It took 16 years of escaping his problems for Oren Or Bittoun, a former commander of the IDF's Border Police undercover counter-terrorism unit, to get a proper diagnosis of what he was suffering from. Bittoun was one of the first soldiers in the unit, taking part in dozens of classified operations in the West Bank during Israel’s First Intifada. During one operation, in 1992, he witnessed his unit’s commanding officer shot in the head by a Palestinian terrorist.
While Bittoun witnesses many harrowing events during his service, his commander’s death is the last straw. After a short debriefing by the army he goes home to commit suicide. He cocks his weapon, points it to his head and recites the Shema Yisrael prayer. The door opens and his mother grabs him screaming, the gun goes off, hitting the floor, and only then does he realize what has happened. He keeps his suicide attempt to himself.
After being released from the army Bittoun tries to escape the memories, living in the Congo, New York, Switzerland, London and Paris before finally returning to Israel with his wife and eldest son.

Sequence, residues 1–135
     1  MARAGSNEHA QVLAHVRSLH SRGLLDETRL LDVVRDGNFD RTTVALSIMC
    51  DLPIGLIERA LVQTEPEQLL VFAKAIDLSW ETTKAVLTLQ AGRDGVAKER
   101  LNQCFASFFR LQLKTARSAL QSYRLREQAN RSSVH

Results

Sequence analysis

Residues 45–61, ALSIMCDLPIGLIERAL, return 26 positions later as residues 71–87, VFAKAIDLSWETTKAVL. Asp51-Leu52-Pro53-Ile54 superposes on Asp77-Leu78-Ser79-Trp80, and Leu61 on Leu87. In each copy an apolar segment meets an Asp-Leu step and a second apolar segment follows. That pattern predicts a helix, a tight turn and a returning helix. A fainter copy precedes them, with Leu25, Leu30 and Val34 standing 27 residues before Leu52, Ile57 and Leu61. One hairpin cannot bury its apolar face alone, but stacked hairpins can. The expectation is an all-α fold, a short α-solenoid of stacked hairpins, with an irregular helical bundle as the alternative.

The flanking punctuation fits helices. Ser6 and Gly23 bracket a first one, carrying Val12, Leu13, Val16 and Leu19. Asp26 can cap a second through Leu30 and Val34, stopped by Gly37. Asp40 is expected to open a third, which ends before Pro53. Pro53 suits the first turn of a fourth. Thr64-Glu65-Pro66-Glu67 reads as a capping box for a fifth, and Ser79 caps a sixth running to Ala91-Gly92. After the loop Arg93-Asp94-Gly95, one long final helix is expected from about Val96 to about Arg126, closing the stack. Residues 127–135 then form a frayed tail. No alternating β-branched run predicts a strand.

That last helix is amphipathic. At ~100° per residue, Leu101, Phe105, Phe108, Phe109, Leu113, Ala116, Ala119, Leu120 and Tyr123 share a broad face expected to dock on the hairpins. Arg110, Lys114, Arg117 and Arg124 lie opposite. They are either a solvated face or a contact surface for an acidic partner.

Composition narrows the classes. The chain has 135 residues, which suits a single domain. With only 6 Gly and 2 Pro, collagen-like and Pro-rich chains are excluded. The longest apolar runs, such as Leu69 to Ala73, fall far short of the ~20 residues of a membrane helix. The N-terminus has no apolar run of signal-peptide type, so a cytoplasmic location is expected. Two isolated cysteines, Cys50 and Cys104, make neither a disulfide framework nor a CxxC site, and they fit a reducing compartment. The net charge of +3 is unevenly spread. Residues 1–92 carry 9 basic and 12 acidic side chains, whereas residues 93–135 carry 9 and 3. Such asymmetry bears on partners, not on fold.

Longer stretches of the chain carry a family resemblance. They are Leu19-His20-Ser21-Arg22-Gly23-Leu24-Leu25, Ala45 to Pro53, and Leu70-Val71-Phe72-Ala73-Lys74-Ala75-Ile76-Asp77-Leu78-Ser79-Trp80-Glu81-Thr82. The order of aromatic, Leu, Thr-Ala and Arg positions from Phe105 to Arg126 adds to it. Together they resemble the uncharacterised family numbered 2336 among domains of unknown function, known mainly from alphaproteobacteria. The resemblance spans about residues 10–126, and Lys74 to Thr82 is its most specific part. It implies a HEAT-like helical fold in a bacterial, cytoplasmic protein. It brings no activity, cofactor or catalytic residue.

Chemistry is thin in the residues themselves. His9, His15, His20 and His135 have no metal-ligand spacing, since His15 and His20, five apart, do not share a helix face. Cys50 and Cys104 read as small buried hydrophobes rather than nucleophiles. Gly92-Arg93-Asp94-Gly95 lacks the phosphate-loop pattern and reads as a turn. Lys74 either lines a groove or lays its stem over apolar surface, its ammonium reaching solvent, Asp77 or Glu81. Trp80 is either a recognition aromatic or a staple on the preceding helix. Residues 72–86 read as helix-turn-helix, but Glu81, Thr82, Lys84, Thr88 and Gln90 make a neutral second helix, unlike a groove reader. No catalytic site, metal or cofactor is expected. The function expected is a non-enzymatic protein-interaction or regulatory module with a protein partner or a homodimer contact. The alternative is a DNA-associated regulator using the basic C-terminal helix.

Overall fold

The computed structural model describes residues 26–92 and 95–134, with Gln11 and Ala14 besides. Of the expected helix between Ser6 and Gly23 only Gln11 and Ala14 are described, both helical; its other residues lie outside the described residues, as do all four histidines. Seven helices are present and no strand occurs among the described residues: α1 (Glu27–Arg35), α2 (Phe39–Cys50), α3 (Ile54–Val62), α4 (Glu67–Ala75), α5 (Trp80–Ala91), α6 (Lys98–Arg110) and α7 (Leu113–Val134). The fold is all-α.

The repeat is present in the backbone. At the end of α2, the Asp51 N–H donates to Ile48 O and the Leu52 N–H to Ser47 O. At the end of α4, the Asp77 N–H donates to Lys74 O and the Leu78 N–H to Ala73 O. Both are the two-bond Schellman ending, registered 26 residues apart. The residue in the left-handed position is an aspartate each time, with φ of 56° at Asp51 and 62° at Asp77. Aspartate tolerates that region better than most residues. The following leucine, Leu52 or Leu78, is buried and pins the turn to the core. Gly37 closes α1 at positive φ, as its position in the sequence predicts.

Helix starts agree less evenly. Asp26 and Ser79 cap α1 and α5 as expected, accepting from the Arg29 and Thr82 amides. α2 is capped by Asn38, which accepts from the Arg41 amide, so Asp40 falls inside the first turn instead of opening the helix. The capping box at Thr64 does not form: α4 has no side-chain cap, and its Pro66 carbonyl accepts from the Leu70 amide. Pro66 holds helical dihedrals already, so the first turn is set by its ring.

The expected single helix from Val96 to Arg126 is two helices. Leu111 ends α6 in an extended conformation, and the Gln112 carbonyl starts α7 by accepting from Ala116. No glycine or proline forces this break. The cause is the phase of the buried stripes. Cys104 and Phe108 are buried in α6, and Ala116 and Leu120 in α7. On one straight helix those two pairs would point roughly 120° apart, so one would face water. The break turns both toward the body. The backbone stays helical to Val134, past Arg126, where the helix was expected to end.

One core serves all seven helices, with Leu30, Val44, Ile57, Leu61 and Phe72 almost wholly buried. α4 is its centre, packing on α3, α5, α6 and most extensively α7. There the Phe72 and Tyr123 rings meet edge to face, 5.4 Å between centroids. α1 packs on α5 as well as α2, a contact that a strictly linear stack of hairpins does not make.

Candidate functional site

No matter where he goes, including the Swiss Alps, he carries a gun and a knife, sure that someone is out to kill him. He feels that his body is in Tel Aviv but his soul is in Jenin in the West Bank. He screams out his dead commander’s name in his sleep.
The turning point comes one night, 16 years after losing his commander, when Bittoun comes home from work and has a flashback to that tragic event.
He smells the same smells, the smoke and death, he feels someone grab his neck, he grabs the person back and when opening his eyes he sees that he is strangling his six-year-old daughter. She is turning blue. She screams in panic and asks him why he wants to kill her. Distraught, all he can say is that he loves her and will always protect her. That’s when his wife makes him seek professional help, otherwise she will leave him.
His novel, Powder Keg, is based on his true story which portrays a chilling mosaic of events that will leave readers with bated breath. The book opens a rare window, with a moving, intimate peek into his complex life and the inner workings of the mind and soul of someone suffering from combat related Post-Traumatic Stress Disorder, also known as shell shock. Each night Oren fights a battle of survival against mortal fear, and each morning he chooses to live. From within this seemingly endless cycle of post-trauma, Oren paves the way and shows us a path forward. He stumbles and picks himself up, he fails and succeeds, he fights the powder keg within with everything he's got.